Medieval and Renaissance Drama in England - Vol. 25

By S. P. Cerasano; Mary Bly et al. | Go to book overview

Shakespeare and the Cobham Controversy:
the Oldcastle/Falstaff and
Brooke/Broome Revisions

James M. Gibson


The Way Forward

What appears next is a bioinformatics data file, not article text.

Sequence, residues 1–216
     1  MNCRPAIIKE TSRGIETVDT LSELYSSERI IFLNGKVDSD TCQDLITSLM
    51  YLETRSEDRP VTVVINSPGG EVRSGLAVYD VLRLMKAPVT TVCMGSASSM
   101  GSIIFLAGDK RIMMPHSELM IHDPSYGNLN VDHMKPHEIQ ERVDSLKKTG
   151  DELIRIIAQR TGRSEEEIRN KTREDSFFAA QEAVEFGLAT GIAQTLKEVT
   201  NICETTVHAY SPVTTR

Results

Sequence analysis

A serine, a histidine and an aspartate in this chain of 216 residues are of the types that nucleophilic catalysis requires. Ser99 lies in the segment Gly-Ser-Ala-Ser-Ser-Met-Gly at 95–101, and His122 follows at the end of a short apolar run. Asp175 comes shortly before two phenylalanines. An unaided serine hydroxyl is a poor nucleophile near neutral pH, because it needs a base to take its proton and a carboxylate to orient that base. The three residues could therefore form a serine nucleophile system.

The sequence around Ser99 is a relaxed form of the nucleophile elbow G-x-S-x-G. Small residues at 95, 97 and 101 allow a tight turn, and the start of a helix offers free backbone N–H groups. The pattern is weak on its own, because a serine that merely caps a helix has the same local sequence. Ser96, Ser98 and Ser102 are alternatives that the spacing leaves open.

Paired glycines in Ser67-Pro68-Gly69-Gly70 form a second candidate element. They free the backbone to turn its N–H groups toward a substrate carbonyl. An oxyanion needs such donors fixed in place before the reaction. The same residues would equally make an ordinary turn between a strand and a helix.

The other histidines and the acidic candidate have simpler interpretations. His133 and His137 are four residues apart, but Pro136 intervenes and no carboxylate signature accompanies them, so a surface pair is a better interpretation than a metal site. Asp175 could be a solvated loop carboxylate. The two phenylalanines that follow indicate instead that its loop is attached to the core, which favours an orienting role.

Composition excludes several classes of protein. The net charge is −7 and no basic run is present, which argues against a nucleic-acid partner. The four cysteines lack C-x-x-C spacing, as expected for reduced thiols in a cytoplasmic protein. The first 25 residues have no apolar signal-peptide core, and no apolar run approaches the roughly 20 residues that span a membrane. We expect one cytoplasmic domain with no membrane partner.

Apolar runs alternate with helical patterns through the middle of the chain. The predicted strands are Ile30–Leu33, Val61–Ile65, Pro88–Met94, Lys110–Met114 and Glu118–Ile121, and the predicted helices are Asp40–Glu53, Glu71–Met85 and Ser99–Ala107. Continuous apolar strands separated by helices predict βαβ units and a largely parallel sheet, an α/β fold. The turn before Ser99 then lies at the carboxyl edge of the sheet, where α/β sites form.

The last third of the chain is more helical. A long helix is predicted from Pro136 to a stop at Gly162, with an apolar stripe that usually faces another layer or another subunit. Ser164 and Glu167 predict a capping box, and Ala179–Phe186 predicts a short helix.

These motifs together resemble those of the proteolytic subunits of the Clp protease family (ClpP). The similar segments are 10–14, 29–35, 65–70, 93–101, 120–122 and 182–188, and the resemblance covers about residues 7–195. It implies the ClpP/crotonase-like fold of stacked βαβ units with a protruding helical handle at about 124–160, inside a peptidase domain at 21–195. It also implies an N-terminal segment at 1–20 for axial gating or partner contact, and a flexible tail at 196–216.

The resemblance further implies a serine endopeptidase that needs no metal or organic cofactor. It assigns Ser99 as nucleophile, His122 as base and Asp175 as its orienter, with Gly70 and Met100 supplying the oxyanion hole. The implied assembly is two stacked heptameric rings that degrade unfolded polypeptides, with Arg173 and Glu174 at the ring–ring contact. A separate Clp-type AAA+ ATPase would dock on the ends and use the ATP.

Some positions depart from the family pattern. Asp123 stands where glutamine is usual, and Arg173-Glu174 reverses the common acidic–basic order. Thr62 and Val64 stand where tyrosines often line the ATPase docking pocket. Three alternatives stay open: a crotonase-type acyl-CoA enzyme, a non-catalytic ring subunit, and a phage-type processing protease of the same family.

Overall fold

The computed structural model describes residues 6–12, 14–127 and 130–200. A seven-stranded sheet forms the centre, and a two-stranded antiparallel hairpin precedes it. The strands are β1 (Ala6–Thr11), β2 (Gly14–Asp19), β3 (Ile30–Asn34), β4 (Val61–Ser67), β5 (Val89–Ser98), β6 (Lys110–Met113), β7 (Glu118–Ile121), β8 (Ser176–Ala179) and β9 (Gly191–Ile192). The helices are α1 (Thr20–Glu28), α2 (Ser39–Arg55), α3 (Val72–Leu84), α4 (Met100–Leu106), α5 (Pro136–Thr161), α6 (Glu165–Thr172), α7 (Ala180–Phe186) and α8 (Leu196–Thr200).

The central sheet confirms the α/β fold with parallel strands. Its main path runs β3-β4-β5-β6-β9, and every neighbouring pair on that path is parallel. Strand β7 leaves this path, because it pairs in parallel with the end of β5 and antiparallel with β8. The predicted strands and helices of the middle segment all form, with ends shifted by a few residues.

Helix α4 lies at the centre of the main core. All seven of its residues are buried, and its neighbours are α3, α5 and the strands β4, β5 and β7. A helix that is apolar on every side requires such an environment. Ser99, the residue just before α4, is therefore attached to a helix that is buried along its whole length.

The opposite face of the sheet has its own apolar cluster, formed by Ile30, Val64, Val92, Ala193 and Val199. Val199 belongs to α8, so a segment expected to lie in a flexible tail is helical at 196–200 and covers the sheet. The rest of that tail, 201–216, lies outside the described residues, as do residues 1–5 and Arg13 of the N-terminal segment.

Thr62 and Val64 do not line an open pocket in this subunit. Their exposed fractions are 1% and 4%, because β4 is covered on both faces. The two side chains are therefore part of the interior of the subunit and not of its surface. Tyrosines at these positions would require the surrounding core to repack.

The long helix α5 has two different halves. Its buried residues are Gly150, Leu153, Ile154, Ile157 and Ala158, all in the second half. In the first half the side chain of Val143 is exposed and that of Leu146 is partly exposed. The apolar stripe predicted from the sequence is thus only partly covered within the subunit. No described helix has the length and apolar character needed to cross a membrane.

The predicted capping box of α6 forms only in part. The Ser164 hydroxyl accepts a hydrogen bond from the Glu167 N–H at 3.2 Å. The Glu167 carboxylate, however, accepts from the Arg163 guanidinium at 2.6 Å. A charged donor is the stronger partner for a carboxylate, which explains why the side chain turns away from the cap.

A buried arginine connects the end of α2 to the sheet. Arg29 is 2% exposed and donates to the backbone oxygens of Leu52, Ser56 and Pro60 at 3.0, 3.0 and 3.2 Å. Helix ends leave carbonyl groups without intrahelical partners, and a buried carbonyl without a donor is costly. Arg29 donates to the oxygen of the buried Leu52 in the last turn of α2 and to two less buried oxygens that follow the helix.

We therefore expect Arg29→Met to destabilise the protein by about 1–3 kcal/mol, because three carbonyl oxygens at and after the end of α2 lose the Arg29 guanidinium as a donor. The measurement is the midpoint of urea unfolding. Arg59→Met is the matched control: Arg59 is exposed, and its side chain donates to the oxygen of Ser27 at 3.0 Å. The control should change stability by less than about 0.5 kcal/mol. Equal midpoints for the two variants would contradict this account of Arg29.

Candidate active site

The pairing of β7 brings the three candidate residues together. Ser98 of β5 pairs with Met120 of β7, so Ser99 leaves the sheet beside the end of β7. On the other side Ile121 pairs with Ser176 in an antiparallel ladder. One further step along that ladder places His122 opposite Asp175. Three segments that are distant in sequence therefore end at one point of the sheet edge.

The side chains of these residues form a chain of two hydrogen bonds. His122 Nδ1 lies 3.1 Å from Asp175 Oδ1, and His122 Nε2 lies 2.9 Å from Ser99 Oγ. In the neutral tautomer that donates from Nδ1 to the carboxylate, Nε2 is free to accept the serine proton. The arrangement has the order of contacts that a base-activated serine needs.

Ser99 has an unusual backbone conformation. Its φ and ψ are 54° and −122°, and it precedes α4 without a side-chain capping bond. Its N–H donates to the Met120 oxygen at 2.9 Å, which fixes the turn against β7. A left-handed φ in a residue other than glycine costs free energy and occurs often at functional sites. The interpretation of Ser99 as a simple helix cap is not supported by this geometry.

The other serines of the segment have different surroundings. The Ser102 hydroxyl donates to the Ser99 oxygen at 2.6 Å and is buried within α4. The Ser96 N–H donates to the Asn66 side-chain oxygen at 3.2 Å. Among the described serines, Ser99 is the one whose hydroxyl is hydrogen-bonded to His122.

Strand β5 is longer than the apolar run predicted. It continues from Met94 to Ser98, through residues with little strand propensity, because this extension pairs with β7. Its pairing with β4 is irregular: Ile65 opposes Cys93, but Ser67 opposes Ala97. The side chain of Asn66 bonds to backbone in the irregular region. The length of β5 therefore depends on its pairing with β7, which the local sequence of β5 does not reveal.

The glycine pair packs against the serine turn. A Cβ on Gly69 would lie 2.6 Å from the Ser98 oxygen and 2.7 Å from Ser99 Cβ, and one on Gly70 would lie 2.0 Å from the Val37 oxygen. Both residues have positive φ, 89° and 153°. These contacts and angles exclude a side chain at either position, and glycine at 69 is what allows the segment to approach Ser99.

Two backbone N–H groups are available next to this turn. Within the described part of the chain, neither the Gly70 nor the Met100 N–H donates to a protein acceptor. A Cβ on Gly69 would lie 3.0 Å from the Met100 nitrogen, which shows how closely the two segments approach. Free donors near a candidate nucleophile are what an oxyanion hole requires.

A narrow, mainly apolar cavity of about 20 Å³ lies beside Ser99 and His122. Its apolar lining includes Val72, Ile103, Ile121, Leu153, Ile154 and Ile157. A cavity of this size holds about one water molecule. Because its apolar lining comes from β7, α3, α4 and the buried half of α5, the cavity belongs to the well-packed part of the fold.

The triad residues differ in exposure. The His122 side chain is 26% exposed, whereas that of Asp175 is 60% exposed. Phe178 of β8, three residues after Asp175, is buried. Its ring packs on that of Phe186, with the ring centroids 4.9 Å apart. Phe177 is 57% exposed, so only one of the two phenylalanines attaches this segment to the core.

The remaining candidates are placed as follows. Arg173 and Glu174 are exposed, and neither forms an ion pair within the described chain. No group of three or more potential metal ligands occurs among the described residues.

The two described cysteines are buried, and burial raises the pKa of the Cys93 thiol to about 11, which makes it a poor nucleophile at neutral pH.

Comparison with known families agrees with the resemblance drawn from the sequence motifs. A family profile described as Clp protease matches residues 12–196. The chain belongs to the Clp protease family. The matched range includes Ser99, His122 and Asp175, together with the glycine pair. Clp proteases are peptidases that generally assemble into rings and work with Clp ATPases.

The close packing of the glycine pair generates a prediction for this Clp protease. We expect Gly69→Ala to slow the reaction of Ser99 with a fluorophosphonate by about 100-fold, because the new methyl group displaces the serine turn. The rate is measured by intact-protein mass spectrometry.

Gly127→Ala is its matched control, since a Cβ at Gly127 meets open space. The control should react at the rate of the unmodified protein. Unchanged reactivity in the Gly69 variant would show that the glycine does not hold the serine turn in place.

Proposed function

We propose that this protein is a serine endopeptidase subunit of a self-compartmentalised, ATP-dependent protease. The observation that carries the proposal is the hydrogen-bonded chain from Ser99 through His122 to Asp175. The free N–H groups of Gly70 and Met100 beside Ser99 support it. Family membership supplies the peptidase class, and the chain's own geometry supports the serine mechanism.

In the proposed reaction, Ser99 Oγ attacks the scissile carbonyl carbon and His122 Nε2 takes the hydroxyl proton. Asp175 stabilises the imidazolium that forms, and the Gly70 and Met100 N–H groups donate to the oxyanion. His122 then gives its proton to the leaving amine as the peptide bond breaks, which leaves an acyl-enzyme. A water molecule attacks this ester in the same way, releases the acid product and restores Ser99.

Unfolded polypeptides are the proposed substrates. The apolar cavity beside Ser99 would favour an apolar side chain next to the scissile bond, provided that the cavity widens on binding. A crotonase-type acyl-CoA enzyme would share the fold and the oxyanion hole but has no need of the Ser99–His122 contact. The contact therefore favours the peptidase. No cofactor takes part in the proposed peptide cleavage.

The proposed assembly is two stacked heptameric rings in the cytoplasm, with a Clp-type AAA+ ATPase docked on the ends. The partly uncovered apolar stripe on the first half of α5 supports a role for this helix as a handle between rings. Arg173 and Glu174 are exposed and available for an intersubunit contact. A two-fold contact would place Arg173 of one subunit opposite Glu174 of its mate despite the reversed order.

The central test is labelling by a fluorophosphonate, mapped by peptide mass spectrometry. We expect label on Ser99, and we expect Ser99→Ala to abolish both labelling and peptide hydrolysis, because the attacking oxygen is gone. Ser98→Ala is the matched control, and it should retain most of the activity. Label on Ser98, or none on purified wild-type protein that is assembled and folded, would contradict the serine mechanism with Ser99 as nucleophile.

FEW questions about Shakespeare have evoked as much speculation with as little regard for the historical, textual, and bibliographical evidence as the relationship between the revisions and allusions in 1 Henry IV, 2 Henry IV, and The Merry Wives of Windsor and William Brooke, 10th Lord Cobham and Henry Brooke, 11th Lord Cobham.1 That Falstaff was originally named Sir John Oldcastle and that Shakespeare changed the name of Oldcastle to Falstaff in 1 Henry IV and 2 Henry IV and the name of Brooke to Broome in The Merry Wives of Windsor, leaving behind a trail of ruined puns, fractured metre, and missed speech prefixes, has been well and ably documented.2 There is little disagreement here. However, the questions of precisely why Shakespeare used the original names, who objected to their use, when the changes occurred, and who required Shakespeare to make them have provided fertile ground for speculation. The numerous conflicting theories proposed to answer these questions, often dealing with only part or even none of the evidence, have resulted in a critical maze of blind alleys and erroneous routes, leaving one recent scholar to lament, after surveying the seventeenthcentury references and allusions to the controversy, “Seldom can a dramatist’s indiscretion have provoked such long-lived concern. It is tantalizing to hear these reverberations but to know so little of what really happened, and who made the noise, and when, and what exactly Shakespeare did, and why the flurry lasted so long in memory.”3 Any explanation even remotely close to what actually happened must be able to account for all the known evidence with simplicity, with a clear regard for the political realities of the Elizabethan court in the late 1590s, and with as little reliance as possible on speculation or coincidence. Although parts of the road have been cleared of obstructive scholarly traditions and although accurate signposts have been erected in other parts, no one roadmap has yet charted the most direct way

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